Lawrence Lessig — Setting the Framework for Institutional Corruption

The first Edmond J. Safra Center for Ethics Lab seminar of the 2012-13 academic year convened on September 13, 2012. Professor Lessig gave a presentation on a chapter from his recent book, which defines institutional corruption as something inherently different from individual corruption, such as bribery. Professor Lessig's definition asserts that institutional corruption occurs when institutions develop improper dependencies, resulting in a loss of necessary public trust and a weakening of the effectiveness of those institutions. At this point in the seminar, there was some discussion of how Professor Lessig's definition differs from that of Dennis Thompson's earlier conception of the term, defined as political gain by public officials under conditions that in general tend to promote private interests. However, in the context of this new definition of institutional corruption, two fundamental concepts emerge: independence and trust. Independence, or the effectiveness of an institution to perform its intended function free from improper influences, must be maintained in order for the trust of an institution to be secured. To that end, trust can be considered a function of independence.

Throughout the course of the discussion, Professor Lessig focused on the ways in which Congress epitomizes this new definition of institutional corruption. In particular, he argued that Congress has evolved from the Framers' original conception of representation that "should be dependent on the people alone," to representation that is dependent on both the people and now campaign funders. In short, this new dependency undermines the Framers' original conception of exclusive representation dependent on the people. Perhaps most troubling, however, is how this dependence on campaign contributors produces a subtle "bending" effect in policy implemented by representatives beholden to private interests. What's more, the mere presence of money in the wrong place not only erodes public confidence in the institution, but also fuels an underlying cynicism of Congress.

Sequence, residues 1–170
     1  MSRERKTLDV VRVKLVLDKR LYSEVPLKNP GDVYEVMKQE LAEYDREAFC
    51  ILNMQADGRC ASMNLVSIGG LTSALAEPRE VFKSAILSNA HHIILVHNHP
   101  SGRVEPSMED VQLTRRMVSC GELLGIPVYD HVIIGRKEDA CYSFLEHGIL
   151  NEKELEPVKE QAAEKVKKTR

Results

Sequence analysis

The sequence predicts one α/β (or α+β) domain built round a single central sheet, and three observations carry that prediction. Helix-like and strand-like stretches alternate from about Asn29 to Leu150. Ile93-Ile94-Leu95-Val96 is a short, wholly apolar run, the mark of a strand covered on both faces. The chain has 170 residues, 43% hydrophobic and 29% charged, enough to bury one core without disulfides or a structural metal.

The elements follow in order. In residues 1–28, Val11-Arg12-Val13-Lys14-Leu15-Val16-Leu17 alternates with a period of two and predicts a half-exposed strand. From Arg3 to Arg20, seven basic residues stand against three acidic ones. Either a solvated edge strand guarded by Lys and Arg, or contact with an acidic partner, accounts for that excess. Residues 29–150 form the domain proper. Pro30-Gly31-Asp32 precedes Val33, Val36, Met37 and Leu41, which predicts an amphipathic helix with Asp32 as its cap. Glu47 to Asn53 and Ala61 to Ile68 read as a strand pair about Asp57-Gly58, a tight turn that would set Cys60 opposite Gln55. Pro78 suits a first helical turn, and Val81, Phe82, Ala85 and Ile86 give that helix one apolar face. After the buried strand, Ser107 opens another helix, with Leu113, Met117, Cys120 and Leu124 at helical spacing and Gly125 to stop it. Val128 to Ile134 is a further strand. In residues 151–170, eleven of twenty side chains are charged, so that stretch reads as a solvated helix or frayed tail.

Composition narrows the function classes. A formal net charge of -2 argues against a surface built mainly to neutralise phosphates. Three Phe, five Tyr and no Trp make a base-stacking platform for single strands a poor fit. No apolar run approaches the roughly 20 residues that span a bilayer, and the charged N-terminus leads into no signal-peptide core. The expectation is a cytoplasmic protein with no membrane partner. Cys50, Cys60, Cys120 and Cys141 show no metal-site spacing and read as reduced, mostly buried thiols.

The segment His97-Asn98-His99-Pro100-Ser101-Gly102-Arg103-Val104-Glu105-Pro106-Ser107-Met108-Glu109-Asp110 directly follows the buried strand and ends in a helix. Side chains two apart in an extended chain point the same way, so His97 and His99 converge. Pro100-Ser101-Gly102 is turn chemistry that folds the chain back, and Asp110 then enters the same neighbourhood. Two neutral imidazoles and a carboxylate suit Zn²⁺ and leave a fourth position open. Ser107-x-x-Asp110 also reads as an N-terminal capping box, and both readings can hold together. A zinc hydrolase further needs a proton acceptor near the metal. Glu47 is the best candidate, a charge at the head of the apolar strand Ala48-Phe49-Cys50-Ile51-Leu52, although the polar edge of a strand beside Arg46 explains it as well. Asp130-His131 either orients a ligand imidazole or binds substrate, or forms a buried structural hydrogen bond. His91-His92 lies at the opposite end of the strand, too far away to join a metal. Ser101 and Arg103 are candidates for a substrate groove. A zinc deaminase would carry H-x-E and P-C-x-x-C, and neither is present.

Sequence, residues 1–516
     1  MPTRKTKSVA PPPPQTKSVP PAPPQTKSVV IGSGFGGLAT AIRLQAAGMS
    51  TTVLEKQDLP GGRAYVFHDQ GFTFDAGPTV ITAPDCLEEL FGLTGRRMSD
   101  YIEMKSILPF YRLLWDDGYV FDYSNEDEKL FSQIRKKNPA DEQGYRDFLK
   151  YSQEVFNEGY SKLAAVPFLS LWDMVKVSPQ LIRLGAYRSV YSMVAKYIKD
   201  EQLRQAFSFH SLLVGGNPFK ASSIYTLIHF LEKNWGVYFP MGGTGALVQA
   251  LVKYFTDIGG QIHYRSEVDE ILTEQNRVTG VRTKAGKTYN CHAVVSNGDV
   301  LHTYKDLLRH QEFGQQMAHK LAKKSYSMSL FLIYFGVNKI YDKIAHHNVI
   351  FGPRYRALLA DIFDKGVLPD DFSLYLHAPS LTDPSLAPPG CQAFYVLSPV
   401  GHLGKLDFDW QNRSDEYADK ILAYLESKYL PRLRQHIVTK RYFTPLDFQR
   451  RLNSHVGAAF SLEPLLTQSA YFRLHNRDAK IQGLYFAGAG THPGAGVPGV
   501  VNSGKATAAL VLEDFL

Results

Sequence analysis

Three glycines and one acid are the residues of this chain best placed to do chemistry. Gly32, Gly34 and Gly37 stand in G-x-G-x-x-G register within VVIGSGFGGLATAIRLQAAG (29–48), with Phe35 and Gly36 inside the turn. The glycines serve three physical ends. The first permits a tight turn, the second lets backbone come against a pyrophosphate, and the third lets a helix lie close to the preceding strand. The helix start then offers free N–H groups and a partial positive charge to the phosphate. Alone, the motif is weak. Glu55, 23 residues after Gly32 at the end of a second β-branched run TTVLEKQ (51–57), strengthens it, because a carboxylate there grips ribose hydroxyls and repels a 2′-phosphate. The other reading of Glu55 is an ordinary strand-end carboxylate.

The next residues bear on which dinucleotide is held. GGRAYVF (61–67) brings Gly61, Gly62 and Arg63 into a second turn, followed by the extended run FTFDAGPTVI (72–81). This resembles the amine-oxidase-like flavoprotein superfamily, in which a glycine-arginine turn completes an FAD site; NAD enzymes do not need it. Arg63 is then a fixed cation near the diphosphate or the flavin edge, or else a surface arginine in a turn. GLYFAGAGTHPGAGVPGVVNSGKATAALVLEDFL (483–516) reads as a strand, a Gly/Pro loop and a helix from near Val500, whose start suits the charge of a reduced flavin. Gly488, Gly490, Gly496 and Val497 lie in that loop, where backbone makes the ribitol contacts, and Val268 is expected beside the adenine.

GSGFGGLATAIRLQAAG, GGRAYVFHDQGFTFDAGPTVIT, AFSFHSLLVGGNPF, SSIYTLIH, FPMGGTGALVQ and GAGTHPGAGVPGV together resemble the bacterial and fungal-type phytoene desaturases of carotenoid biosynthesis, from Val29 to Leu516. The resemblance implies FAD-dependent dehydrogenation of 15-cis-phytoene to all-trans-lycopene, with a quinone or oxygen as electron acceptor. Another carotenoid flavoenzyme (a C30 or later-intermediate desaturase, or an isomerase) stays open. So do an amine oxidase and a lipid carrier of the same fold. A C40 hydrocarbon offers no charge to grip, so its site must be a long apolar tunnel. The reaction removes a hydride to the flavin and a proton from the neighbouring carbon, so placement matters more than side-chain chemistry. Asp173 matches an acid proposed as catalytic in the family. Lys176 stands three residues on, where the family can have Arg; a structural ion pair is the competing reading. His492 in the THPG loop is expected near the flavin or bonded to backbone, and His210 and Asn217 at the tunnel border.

Following Professor Lessig's presentation, the discussion primarily focused on the definition of trust and how it relates to the concept of institutional corruption. One participant questioned if it would be possible to define trust in an absolute sense and depoliticize it from any ideological agendas. A consensus was reached that this might well be impossible to do for some institutions. Professor Lessig explained that for his conceptualization of institutional corruption, trust could be understood in a narrower sense, as the public's capacity to act on the words of a particular institution, or come to question that particular institution. For example, if the Department of Public Health orders the public to immunize children against a certain disease, will the public act on these words, or question them? Finally, another seminar participant suggested that there might be a stark difference between the concept of trust and trustworthiness, and that it would be necessary to differentiate the two concepts to arrive at a more empirical understanding of institutional corruption.

In summary, ideas of independence and trust were discussed as they relate to institutional corruption. Participants of the seminar debated the meaning of trust versus trustworthiness, and considered its role in determining and preserving the efficacy of institutions.